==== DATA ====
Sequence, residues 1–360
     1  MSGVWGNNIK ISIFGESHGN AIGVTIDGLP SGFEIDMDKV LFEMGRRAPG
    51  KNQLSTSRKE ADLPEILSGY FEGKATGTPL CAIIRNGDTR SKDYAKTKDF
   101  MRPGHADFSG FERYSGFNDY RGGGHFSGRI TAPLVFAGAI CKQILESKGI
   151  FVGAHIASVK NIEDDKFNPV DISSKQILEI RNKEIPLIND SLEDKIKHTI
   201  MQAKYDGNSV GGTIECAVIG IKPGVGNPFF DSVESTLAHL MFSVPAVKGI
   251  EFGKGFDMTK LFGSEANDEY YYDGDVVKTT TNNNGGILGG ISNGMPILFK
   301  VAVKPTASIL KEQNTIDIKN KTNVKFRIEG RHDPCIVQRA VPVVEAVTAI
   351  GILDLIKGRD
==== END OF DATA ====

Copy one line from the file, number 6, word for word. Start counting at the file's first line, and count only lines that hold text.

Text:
   201  MQAKYDGNSV GGTIECAVIG IKPGVGNPFF DSVESTLAHL MFSVPAVKGI